October 23, 2009 - Filed in Status updates, Mac Development by Felix
In the past few weeks, I've been receiving emails from many developers who were searching for a solution. Much to my regret, there was no simple solution to the issue. So I went to create one and - while I was at it - decided to also offer a solution to other open issues in the remote control support of many Mac® applications.
Today, I'm proud and happy to share the result of the past few weeks of work with you. It comes in the form of three releases:
Remote Buddy's driver architecture let's it do wonderful things. One of these is the ability to emulate an internal Apple® Remote IR Receiver. In a nutshell, it allows Remote Buddy users (who know this emulation as "Virtual Remote") to use any hardware supported by Remote Buddy (f.ex. an iPhone™ or Wii™ Remote) and make it look like a real Apple® Remote to the system.
Using this emulation as a foundation, I built a clean, global fix for the Apple® Remote issues of OS 10.6 and 10.6.1 right into the latest version of Remote Buddy's driver. Once the driver is installed, applications can reliably access the Apple® Remote again like they used to - without any code changes (that doesn't mean, however, that developers shouldn't make changes - but more on that later).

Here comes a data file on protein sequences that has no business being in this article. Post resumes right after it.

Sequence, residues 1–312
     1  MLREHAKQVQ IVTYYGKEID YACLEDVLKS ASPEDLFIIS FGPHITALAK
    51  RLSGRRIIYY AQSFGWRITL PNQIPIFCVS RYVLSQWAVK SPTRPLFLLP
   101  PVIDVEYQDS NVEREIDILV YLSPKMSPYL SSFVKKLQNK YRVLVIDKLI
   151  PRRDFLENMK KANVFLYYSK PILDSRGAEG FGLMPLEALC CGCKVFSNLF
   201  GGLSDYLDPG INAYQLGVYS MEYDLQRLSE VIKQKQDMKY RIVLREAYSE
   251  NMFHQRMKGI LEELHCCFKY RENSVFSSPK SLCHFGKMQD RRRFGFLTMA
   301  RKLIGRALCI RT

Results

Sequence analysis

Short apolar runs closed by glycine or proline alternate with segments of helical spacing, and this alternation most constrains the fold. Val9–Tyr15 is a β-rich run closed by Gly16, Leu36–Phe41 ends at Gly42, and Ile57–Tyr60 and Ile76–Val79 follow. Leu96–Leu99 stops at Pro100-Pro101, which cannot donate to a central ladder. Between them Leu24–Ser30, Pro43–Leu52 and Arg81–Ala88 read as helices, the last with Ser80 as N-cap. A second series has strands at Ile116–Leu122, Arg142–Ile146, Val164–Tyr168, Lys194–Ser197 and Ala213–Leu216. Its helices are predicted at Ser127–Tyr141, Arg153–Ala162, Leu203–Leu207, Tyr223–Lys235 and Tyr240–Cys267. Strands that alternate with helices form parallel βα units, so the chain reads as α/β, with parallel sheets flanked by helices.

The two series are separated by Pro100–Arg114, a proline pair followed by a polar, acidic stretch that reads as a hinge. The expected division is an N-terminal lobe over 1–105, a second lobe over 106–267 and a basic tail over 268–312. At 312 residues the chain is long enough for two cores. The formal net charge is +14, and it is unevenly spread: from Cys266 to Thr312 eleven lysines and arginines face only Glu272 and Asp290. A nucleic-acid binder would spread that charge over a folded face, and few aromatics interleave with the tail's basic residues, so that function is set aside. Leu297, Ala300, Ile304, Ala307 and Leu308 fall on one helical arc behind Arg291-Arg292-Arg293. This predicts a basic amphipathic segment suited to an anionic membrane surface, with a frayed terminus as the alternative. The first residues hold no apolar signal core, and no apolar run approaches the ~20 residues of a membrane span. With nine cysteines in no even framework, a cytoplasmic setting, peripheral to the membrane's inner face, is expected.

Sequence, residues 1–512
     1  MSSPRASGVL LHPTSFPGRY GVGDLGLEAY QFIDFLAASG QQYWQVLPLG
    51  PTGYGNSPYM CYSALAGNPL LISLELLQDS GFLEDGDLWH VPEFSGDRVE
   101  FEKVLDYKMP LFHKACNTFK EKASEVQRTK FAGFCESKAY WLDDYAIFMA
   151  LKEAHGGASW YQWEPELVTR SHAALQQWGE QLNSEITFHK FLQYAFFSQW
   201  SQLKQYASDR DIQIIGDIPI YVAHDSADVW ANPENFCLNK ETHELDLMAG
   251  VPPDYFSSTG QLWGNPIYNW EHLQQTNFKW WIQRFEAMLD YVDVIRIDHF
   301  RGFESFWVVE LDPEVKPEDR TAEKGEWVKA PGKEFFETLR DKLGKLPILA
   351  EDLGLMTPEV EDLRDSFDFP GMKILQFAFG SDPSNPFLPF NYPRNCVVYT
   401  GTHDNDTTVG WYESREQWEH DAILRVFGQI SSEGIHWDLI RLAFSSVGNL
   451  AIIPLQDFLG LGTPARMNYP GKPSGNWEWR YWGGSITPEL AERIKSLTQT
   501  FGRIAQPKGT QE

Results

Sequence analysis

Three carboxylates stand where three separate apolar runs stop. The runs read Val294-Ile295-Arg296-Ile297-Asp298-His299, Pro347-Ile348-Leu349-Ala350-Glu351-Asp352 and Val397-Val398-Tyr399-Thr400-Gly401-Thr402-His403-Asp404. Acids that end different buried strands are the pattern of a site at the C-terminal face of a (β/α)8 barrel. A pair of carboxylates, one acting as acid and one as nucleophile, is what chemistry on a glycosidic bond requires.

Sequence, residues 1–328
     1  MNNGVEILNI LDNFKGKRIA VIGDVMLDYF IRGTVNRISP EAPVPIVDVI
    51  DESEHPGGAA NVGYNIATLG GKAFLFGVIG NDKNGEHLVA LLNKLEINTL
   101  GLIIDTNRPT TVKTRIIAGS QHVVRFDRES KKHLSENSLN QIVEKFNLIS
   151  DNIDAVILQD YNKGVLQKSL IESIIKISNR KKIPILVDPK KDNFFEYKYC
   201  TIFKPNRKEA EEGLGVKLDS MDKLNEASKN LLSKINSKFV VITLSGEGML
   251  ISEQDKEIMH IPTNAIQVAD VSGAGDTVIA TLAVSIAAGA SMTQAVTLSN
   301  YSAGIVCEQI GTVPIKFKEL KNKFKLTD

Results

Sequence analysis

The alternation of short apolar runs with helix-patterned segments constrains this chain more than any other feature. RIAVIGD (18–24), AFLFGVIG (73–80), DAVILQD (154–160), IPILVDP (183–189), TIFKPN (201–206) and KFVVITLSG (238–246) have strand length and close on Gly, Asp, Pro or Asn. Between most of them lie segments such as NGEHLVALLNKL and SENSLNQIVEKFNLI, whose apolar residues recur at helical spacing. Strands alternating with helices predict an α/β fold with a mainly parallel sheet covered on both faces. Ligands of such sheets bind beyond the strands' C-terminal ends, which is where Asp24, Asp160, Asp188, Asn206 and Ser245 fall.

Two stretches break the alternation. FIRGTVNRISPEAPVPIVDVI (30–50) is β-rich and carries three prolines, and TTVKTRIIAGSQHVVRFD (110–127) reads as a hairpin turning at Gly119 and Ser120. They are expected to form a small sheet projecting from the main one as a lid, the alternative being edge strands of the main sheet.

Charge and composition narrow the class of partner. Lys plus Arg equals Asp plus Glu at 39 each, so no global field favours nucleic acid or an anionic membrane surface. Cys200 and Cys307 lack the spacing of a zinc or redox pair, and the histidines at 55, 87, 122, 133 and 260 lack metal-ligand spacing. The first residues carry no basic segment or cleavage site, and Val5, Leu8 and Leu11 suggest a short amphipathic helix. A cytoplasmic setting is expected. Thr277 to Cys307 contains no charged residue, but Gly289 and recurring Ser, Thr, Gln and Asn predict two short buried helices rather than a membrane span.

Accommodating the relevance of this global fix for everyone with an Apple® Remote, I decided to make the driver available separately. Packaged in a preference pane for changing options and installing, updating and uninstalling the driver, it is now available as Candelair and can be downloaded for free.
I'd like to point out that Candelair's only purpose is to fix Apple® Remote issues in Snow Leopard. It works only with built-in Apple® IR Receivers and doesn't add support for additional hardware to your system. Candelair is not a free or lite version of Remote Buddy in any way.
For more information on Candelair, please see the new Candelair website.
Most applications supporting the Apple® Remote today use code with a rather complex dependency: they rely on the particular internal layout of the HID descriptor of the Apple® IR Receiver driver of particular OS releases. This usage pattern has a number of disadvantages for developers and users, with the most significant one probably being that Apple® Remote support in these applications easily breaks with new OS releases.
Since this dependency and its effects are avoidable and there were more issues that I wanted to see addressed, I created the new HIDRemote Objective-C class for accessing the Apple® Remote under OS 10.4/10.5/10.6. The main goal during the development of this class was to maximize compatibility with past, current and future OS releases, emulators, remote control solutions, etc.
You can find the sourcecode, sample code, a list of features, a guide and developer documentation on the HIDRemote pages.
Last but not least, Remote Buddy 1.15 has also been released today. It includes the new version of the Remote Buddy driver and utilizes HIDRemote metadata to control applications for which a Behaviour doesn't exist, yet. For more info on the changes in this release, please see the release notes.